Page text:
Frankly, from the studio’s perspective, the Trek Product peaked in recent popularity around the mid 1990’s, with the end of “Next Generation”. When that series came on the air, it was the only thing like it, and in that era, first-run syndication was far more lucrative than it is today. In the past ten years, the studio has done everything possible to maintain that level of success. Inevitably, it hasn’t worked. While “DS9” was creatively fertile, ostensibly because of the competition with the underdog yet more highly acclaimed “Babylon 5”, “Voyager” and then “Enterprise” only vaguely offered something akin to a new approach.

Many people have noted that “Next Generation” fulfilled the dreams of millions of Trek fans from the original series onward. The title itself invoked how long it had taken to get Trek back to the airwaves outside of repeat syndication. (The animated series, oft overlooked and rarely re-run, never seemed to factor into the majority of the audience, who still managed to catch the original series on weekends.) Years of anticipation and pre-internet rumor fueled that desire for more.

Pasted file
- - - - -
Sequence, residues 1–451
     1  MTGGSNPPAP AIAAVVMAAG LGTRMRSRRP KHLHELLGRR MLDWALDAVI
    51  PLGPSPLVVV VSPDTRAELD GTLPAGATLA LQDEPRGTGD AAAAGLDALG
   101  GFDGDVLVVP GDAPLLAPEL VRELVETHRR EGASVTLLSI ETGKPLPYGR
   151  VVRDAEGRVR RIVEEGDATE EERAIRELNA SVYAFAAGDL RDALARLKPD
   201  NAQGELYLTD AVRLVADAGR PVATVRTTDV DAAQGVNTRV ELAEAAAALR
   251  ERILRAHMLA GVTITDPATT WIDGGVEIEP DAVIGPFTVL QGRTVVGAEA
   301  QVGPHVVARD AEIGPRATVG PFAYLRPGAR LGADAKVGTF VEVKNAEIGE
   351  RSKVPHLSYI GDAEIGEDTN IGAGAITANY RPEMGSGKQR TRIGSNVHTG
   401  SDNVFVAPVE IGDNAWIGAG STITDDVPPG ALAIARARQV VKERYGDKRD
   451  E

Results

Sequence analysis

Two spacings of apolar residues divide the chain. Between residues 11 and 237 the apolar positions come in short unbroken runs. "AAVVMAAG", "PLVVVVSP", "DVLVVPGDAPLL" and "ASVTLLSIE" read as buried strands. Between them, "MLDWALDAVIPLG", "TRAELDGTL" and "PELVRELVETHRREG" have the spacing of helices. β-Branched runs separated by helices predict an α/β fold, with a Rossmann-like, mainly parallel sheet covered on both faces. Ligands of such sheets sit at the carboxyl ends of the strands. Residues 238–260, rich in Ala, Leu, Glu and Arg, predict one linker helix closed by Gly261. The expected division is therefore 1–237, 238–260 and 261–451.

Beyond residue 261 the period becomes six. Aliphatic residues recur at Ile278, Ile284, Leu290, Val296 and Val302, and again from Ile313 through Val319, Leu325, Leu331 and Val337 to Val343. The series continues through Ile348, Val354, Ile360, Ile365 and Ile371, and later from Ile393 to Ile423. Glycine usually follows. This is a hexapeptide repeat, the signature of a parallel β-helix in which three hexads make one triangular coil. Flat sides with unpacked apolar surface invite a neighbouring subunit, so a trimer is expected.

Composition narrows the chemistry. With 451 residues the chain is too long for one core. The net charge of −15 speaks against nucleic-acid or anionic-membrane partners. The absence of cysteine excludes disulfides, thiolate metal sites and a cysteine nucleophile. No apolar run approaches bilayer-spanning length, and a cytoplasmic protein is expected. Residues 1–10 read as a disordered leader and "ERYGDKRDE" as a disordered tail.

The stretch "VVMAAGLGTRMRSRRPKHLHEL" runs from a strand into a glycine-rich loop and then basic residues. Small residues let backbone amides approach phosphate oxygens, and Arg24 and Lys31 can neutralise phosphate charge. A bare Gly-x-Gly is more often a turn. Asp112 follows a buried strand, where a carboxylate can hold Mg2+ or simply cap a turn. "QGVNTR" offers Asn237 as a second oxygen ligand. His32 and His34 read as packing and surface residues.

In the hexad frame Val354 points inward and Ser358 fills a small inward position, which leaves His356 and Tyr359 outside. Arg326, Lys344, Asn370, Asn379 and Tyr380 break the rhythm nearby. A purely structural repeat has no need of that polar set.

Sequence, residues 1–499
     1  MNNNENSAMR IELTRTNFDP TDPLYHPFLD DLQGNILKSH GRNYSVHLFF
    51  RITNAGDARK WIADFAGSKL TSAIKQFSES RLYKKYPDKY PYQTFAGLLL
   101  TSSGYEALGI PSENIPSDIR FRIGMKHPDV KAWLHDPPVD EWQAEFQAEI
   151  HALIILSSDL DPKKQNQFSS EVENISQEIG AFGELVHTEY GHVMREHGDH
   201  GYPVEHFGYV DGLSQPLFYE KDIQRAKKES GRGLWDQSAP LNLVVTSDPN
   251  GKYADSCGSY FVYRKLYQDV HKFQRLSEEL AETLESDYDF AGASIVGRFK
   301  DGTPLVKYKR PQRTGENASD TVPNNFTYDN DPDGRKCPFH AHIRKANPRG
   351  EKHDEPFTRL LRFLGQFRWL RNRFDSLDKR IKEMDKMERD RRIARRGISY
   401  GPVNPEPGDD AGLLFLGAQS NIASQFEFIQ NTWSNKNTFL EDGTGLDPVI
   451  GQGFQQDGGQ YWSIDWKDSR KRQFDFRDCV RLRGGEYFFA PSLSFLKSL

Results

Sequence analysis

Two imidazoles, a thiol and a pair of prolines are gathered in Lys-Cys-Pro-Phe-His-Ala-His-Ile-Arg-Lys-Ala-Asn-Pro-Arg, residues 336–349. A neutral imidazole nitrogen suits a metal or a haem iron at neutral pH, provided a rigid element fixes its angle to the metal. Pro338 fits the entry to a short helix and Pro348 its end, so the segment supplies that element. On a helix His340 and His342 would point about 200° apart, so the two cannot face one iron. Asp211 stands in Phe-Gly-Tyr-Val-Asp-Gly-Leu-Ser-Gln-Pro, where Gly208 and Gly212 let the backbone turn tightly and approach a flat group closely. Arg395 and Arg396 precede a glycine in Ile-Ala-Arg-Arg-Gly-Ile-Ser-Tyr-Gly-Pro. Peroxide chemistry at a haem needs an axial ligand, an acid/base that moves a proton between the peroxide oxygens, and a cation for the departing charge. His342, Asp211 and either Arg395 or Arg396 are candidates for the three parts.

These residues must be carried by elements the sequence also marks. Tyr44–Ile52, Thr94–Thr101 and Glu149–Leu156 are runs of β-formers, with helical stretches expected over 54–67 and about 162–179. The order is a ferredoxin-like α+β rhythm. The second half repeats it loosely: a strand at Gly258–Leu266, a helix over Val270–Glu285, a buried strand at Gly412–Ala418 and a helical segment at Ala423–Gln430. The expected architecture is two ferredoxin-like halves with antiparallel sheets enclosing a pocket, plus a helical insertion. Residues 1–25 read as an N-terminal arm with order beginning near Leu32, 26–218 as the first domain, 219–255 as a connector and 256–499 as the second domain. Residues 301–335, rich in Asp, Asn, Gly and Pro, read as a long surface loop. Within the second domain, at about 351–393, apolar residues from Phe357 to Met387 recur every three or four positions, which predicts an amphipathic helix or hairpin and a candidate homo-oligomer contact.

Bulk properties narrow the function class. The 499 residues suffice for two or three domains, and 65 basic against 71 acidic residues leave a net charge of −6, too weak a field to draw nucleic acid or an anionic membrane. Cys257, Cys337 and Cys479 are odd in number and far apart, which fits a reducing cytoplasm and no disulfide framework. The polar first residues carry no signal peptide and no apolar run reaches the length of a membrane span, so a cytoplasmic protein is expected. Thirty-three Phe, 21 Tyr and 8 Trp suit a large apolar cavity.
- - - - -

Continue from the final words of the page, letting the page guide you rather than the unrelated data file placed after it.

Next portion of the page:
Flashforward from 1985 to 2005: it’s 20 years later, and now there’s 18 years worth of new Trek material. For those who lived and died by the original series, where’s the anticipation? The franchise went from legendary to saturating pop culture to establishing an overwhelming repeat syndication presence. It’s quite possible for even the most rabid Trek fan to admit that there are episodes they haven’t seen once, let alone the dozens of times most original series fans watched those episodes.